NaH2O

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Jan 25, 2004
Messages
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Quality for sure - my TDS prior to the RO/DI is between 390-500. I am a strong believer in RO/DI. I think that it is one way to keep nasties out of the water. There is so much excess nutrients we add to our systems beyond our control (additives in foods, etc)....why not have some control with water?
 

MarineDreamer

Est. April 2nd, 2005
Joined
Mar 2, 2004
Messages
492
Location
Granite Falls, Wa
Mike,

I know of the well. It's a natural aquifer, and my understanding is that water is very clean. You said that you’ve used the water in the past; did you notice anything (I.E. algae blooms) out of the ordinary happen after using the water? I think that that would be your best bet for checking out the water quality.

Another option is to test the water for TDS. Bum, beg, or steal a test kit and take it with you.

I haven’t heard of anyone using that water for their reef tanks, or for any other tank for that matter. Maybe you could let us know.

Trevor
 

mikey b

Member
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Apr 8, 2004
Messages
19
Location
Edmonds
Ive used the water in my marine tank and had no algae problems. If I find out any additional info on the water I'll be sure to post it.
 

Al G.

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Mar 5, 2004
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Hell-of-a-view, WA
mattseattle posted on Reefcentral that Seattle's water was <35 TDS, which is really good. I know bufford in Tacoma uses tap water and now know that Ray in Blaine uses tap water. I guessing at least in some western WA locations, tap water is pretty good.
My first attempt at a reef tank in 1998 was with tap water and it was algae heaven. My current tanks use store bought RO/DI, which works great. I plan on getting a home RO/DI soon, though I'm tempted to start a 10g tank using only tap water and see what happens.
 

Ray Pollett

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Feb 17, 2004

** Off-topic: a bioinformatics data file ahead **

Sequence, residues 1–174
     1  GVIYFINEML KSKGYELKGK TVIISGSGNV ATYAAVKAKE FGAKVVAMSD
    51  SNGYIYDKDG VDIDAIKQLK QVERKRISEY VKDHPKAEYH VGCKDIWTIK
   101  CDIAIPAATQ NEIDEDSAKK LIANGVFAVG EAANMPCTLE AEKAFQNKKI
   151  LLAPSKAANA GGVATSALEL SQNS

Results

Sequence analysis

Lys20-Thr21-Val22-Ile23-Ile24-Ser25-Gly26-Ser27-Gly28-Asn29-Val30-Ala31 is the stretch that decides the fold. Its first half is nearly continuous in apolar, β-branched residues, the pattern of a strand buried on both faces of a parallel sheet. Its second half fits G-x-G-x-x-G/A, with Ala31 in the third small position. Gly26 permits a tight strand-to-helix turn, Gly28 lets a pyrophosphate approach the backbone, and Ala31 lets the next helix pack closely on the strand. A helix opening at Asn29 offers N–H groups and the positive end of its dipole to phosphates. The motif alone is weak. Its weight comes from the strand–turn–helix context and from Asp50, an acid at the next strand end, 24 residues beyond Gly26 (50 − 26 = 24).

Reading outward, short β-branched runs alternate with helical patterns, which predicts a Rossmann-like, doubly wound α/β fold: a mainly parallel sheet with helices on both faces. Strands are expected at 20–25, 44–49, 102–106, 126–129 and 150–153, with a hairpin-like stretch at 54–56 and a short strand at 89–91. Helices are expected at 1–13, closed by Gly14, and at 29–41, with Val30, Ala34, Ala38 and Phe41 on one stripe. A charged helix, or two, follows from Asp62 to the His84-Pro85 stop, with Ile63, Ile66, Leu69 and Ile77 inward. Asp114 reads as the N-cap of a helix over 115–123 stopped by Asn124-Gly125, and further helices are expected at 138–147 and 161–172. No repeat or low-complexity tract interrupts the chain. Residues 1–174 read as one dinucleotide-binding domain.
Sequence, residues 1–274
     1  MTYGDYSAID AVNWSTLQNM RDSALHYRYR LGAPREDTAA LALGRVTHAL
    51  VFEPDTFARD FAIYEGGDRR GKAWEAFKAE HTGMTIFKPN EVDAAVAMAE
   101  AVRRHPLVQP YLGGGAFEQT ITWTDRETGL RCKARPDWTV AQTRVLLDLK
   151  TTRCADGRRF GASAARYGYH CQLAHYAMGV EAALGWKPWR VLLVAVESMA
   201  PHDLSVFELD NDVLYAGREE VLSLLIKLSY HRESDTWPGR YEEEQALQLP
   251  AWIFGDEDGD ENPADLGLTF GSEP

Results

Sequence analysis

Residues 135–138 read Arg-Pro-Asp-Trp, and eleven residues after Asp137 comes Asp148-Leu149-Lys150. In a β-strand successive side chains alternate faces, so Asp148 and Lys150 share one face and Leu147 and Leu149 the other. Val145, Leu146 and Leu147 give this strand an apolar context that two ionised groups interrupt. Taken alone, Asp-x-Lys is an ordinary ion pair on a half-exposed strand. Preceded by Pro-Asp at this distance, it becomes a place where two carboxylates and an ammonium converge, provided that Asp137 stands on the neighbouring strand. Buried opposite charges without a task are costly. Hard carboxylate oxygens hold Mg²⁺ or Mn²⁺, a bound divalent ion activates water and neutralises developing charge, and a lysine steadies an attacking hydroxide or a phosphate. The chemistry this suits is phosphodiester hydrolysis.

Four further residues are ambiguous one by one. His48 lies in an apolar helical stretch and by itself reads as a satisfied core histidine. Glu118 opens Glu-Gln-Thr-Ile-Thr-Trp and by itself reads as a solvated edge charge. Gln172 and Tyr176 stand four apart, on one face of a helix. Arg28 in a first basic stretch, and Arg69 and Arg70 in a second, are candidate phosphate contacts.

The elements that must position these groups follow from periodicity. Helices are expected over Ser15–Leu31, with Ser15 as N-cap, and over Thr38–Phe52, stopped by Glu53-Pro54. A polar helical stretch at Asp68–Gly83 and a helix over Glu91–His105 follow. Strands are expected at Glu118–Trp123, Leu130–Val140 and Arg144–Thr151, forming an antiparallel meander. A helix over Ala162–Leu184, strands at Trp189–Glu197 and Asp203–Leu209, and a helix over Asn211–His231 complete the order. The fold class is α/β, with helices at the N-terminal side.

Messages
196
Location
Blaine, WA
Al G. said:
mattseattle posted on Reefcentral that Seattle's water was <35 TDS, which is really good. I know bufford in Tacoma uses tap water and now know that Ray in Blaine uses tap water. I guessing at least in some western WA locations, tap water is pretty good.
My first attempt at a reef tank in 1998 was with tap water and it was algae heaven. My current tanks use store bought RO/DI, which works great. I plan on getting a home RO/DI soon, though I'm tempted to start a 10g tank using only tap water and see what happens.
Hi Al,

Just to clarify. I use tap water in Blaine, Bellingham, Mt Vernon, Sedro Woolley, Burlington, Oak Harbor and Anacortes.

Ray
 

mikey b

Member
Joined
Apr 8, 2004
Messages
19
Location
Edmonds
when I started this thread I was asking about WELL water not tap water. Does any one use WELL water? I dont think I would feel conferteble using tap water after spending so much on good reef stuff, I see no good in cheaping out on the water.
 

NaH2O

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Jan 25, 2004
Messages
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mikey b....maybe you could get a sample checked out. I know where I grew up in Chicago, we were on a well, and there was a ton of iron in it - everything looked rusty if you didn't keep on top of cleaning out the sinks, etc. Depending on your location, your well water may be good, but an analysis would let you know for sure.

I completely agree about not cheaping out on the water. It is such an integral part of the overall tank health.
 

Al G.

minimum wage,maximum rage
Joined
Mar 5, 2004
Messages
192
Location
Hell-of-a-view, WA
Like fishermann said, get your well water tested.

However, I do believe you answered your own question.

"I see no good in cheaping out on the water."


__________________
 

Scooterman

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Louisiana
Well water & tap water, Tap is treated with chlorine & chloride I think to make it drinkable. Well water & tap coming from the same source aquifer would be about the same when tested other than what is added to the tap. Now usually tap for a city is a very deep well so your home well may not be of the same quality, actually it could be worse, deeper wells then to be purer in general but this isn't always the case, you Need to Test your water regardless where you get it. Just some thoughts on the subject.